Over the last month, readers have been transfixed as a succession of Mafia look-alikes straight out of central casting – shaven heads, designer-stubble beards, eyes hidden behind dark designer sunglasses – succeeded one another into court.

An extraordinary juxtaposition of judicial planning – where testimony presented in the compilation of evidence before a magistrate against murder suspect Yorgen Fenech (the alleged mastermind behind Daphne Caruana Galizia’s assassination in 2017) has coincided with revelations to a public inquiry held before three judges into the circumstances surrounding her murder, due to report by September – has led to breathtaking revelations of double-dealing, corruption and betrayal worthy of Mario Puzo’s The Godfather.  

Malta’s system of justice faces a tangled web. The scandal surrounding the assassination has reached the highest level of government, also dragging in former prime minister Joseph Muscat.

The alleged mastermind behind the murder, Fenech, his middleman-turned-state-evidence-witness, Melvin Theuma, and sundry police sources have implicated in the plot the former prime minister’s chief of staff, Keith Schembri – a long-time close friend of Fenech.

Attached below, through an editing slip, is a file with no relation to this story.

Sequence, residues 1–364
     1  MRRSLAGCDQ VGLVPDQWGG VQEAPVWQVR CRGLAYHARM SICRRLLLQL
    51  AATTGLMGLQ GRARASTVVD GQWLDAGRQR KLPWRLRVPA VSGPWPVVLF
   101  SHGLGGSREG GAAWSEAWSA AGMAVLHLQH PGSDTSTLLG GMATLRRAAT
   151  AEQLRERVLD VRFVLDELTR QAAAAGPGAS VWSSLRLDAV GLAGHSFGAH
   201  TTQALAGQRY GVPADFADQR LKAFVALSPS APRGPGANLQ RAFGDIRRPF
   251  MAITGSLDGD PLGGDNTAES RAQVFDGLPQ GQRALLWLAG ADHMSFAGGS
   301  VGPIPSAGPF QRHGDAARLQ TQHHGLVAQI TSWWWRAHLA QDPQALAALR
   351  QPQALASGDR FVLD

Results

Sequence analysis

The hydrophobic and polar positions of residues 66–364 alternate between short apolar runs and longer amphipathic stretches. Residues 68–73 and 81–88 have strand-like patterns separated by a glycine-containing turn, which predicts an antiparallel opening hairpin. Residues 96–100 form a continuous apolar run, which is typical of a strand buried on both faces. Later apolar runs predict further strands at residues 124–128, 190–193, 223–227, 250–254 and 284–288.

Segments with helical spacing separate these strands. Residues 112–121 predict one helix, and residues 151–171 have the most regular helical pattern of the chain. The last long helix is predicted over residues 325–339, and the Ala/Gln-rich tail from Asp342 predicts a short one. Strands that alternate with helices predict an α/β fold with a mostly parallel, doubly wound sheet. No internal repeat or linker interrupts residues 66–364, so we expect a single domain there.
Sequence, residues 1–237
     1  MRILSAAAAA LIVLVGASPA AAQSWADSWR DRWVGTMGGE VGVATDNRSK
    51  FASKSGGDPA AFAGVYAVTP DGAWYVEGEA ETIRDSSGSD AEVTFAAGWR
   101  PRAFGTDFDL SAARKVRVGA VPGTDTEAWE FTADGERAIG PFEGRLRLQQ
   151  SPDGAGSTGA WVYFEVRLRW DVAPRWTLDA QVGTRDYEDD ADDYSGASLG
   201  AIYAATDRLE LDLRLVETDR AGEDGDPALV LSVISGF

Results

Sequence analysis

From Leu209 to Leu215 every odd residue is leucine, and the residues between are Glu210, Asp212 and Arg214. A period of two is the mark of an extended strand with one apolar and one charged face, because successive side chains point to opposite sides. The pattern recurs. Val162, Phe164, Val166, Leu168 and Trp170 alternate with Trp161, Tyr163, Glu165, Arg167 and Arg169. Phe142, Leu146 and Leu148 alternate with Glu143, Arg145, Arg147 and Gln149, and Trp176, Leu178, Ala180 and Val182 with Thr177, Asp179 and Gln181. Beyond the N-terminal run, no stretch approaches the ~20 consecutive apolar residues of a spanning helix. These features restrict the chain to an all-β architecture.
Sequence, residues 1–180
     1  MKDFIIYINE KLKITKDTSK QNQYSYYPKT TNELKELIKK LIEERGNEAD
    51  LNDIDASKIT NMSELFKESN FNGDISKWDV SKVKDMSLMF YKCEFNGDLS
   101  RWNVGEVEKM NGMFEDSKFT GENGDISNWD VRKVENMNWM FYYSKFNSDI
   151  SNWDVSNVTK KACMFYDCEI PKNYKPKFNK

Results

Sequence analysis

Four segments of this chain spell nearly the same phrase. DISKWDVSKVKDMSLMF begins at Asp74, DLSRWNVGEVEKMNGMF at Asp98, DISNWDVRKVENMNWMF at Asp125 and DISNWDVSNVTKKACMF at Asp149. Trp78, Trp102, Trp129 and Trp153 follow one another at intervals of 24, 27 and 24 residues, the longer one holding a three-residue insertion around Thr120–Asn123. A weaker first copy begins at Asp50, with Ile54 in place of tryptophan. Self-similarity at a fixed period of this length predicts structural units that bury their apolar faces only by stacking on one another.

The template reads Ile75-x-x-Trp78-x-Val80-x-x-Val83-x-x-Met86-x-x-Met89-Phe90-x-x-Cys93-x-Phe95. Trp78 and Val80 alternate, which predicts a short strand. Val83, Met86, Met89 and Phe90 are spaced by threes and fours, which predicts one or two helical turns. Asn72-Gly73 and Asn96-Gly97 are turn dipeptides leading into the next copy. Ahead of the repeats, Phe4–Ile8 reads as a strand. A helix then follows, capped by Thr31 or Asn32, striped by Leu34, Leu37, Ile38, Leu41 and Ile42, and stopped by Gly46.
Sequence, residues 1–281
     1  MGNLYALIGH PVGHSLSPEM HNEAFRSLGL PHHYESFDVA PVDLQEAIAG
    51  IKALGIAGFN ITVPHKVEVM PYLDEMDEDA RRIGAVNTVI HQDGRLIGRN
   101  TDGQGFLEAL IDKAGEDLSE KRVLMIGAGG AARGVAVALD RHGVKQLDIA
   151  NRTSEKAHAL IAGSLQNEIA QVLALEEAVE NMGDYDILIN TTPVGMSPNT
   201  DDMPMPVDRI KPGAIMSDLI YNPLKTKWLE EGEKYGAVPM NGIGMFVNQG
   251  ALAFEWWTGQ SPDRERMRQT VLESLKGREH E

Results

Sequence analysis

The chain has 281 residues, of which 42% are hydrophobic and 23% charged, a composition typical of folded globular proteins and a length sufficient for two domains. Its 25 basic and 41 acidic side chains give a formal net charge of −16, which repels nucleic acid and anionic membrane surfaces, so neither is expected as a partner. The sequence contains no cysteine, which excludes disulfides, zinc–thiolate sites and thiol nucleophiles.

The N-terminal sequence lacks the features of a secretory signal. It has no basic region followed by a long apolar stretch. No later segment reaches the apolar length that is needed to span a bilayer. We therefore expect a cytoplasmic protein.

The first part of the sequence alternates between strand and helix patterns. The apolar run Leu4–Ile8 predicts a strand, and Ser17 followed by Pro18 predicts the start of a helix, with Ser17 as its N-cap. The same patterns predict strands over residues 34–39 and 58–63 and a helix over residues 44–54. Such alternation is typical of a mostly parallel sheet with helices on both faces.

Theuma, the go-between with the killers, has linked Schembri and Fenech to the murder.  Schembri’s own evidence has raised questions about former prime minister Muscat’s involvement in the whole affair. Two former ministers in Muscat’s government, Chris Cardona and Konrad Mizzi, have also been sucked into the maelstrom.

A cast of characters, including an error-prone former police commissioner, Lawrence Cutajar, bent or incompetent serving or retired police officers friendly to Fenech, and go-betweens with the mastermind, including his doctor, are waiting in the wings to give evidence. Not forgetting three hoodlums, allegedly the perpetrators of the murder.

In the fevered witch-hunt that has gripped commentators, it is worth remembering that all are innocent until proven guilty.

What does it tell us about Malta’s long-standing institutional corruption? It is rare to find an area of Maltese public life untarnished by corruption. It appears to permeate every aspect of society in a spectrum from nepotism to law-breaking. Swindling the state and corruption are a way of life which seep into every pore.

Reviewing the events of 2019, the Ombudsman excoriated Muscat’s government for fostering “the arrogant, obsessive and dangerous culture of impunity” enjoyed by those with the right connections to government.

For the first time in decades, the cancer of corruption is being ruthlessly cut out- Martin Scicluna

His focus was on 2019. But, with the benefit of hindsight, we need to go back to 2013 to see where the six years began which culminated with Muscat’s resignation. That year,  the Nationalist government was brought down by ‘Oilgate’, a scandal involving several million euros of taxpayers’ money. The former Enemalta chairman and several others were charged with money-laundering and corruption, but to this day have still not faced justice.